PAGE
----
A new study, published in JAMA, investigates the association between prescription medications and depression as a possible side effect.
Prof Andrea Cipriani, Associate Professor of Psychiatry, University of Oxford, said:
“This paper makes an important contribution and the methodology is robust but the results are not alarming.
“The authors have taken a representative sample of the adult general population in the US, using cross sectional surveys over 10 years in five 2-year cycles. They have done an accurate statistical analysis taking many confounders into account and have not tried to oversell their findings.
“Out of the whole group of 26,192 people, 37% of adults (9,150 people) took prescription medicine that may have depression as a potential adverse effect and about 1 in 4 (2,318 people) had moderate to severe depressive symptoms.
“However, there are two important caveats. First, the risk of depression was higher in people that took more types of medicine and this may be a result of the medicines interacting but it may also be because people with chronic illnesses take more medicines and are also more likely to have depression. This was an observational study so we cannot tease this apart.
“Second, this study looked at many medications, including antidepressants. For many of the people who self-reported depression this may simply be because the particular antidepressants didn’t work for them, or that they were biased towards expecting feelings of depression. It doesn’t necessarily mean the antidepressants caused the depression.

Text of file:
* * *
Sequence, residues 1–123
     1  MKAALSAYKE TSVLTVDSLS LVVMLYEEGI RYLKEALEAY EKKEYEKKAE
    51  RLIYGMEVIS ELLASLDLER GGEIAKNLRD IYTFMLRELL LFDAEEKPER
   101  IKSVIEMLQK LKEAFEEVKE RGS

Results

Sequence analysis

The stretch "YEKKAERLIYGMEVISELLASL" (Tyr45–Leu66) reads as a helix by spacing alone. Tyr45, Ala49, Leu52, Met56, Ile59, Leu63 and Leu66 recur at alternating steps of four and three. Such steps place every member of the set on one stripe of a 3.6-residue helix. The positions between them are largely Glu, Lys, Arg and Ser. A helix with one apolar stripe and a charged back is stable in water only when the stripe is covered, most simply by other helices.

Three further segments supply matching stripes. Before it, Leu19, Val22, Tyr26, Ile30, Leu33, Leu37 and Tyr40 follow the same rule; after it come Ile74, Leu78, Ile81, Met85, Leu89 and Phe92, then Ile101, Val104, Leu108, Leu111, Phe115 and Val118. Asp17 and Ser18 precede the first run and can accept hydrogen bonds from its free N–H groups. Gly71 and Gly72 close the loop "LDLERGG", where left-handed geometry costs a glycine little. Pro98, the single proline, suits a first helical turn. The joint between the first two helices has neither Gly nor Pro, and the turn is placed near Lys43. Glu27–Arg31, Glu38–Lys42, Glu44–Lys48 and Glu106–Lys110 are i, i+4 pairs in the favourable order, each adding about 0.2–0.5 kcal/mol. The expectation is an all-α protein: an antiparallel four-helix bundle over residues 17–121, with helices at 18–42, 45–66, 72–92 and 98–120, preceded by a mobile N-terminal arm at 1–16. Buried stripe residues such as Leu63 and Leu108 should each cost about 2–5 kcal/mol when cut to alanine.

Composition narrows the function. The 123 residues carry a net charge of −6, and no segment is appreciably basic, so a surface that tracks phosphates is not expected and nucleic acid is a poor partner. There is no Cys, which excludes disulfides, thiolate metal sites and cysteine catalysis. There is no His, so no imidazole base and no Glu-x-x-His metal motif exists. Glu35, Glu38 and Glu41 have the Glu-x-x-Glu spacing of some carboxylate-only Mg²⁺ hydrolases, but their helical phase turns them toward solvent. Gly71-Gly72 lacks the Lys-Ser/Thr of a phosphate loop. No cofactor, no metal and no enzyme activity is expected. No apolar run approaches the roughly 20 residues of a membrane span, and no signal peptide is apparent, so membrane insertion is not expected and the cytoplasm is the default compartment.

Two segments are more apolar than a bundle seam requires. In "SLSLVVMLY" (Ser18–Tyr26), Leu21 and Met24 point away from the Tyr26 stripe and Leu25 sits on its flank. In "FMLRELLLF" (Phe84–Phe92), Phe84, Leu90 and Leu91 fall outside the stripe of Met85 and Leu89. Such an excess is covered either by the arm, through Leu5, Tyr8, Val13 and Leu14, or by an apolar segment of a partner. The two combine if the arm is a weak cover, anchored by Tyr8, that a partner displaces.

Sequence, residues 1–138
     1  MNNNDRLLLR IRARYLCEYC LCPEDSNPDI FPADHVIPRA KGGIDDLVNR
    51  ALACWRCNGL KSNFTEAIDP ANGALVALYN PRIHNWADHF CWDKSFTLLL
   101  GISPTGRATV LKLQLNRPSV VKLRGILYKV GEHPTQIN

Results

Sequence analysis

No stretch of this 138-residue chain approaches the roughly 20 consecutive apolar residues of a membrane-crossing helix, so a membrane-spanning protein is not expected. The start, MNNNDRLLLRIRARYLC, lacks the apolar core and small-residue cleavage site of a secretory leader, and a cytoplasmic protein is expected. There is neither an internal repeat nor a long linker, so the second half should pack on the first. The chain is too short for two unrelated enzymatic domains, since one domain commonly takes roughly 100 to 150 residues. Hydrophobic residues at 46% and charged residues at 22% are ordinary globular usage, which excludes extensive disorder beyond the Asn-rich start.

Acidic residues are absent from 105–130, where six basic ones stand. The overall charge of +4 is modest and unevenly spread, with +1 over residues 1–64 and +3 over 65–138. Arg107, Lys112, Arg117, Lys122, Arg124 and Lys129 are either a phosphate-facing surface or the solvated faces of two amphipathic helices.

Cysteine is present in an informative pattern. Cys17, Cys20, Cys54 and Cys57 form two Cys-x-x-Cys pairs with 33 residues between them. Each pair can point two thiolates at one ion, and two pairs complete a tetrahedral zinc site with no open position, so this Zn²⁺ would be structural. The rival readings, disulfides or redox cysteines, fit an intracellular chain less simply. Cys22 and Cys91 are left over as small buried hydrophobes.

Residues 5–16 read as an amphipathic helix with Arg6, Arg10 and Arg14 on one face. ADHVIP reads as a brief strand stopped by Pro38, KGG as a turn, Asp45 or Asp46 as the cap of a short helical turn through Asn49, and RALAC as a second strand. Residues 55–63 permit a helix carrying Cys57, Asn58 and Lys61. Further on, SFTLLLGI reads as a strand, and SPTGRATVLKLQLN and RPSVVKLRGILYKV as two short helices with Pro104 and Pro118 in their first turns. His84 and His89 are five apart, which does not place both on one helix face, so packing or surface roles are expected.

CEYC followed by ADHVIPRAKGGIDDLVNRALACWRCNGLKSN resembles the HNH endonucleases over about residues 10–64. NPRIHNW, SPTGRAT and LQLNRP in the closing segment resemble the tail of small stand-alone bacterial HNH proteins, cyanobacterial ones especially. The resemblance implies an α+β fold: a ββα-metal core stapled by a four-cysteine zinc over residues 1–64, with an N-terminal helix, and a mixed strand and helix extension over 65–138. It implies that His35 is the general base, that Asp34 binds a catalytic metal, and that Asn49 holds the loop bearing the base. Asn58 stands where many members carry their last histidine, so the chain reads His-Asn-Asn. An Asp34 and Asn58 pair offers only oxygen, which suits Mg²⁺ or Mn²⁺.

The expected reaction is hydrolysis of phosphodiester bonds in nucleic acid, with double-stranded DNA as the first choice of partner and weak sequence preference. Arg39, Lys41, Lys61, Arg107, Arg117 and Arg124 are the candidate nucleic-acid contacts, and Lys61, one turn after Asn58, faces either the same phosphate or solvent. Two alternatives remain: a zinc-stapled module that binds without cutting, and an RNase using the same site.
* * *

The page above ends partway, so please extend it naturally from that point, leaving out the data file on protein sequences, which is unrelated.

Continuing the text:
“In summary, this is a strong piece of research and we should be paying attention to the medicines people are given and the interactions they have, but these findings are not a cause for concern.”
Prof Allan Young, , Director of Centre for Affective Disorders, King’s College London’s Institute of Psychiatry, Psychology & Neuroscience, said:
“This is an interesting study which reports an association between prescription medicines and depression. The findings seem robust.
“This confirms the well-known fact that these medications might be causing depression in some people and we should be on the look-out for that so that we can detect and then manage the depression. Two points are important to note: firstly, many prescription medicines may have depression as a possible side effect and this should be discussed with patients up front. Secondly, health should be viewed holistically and all doctors should be screening for depression in their patients with physical illness. This is especially important as our population is ageing and older age groups are treated with more of these medicines.”
* ‘Prevalence of Prescription Medications With Depression as a Potential Adverse Effect Among Adults in the United States’ by Mazen Qato et al. published in JAMA on Tuesday 12th June.
Prof Andrea Cipriani: “Supported by the National Institute for Health Research (NIHR) Oxford Cognitive Health Clinical Research Facility.”
Prof Allan Young: “Employed by King’s College London; Honorary Consultant SLaM (NHS UK).
Paid lectures and advisory boards for the following companies with drugs used in affective and related disorders: Astrazenaca, Eli Lilly, Lundbeck, Sunovion, Servier, Livanova, Janssen. Consultant to Johnson & Johnson. No share holdings in pharmaceutical companies. Lead Investigator for Embolden Study (AZ), BCI Neuroplasticity study and Aripiprazole Mania Study. Investigator initiated studies from AZ, Eli Lilly, Lundbeck, Wyeth, Janssen. Grant funding (past and present): NIMH (USA); CIHR (Canada); NARSAD (USA); Stanley Medical Research Institute (USA); MRC (UK); Wellcome Trust (UK); Royal College of Physicians (Edin); BMA (UK); UBC-VGH Foundation (Canada); WEDC (Canada); CCS Depression Research Fund (Canada); MSFHR (Canada); NIHR (UK). Janssen (UK)”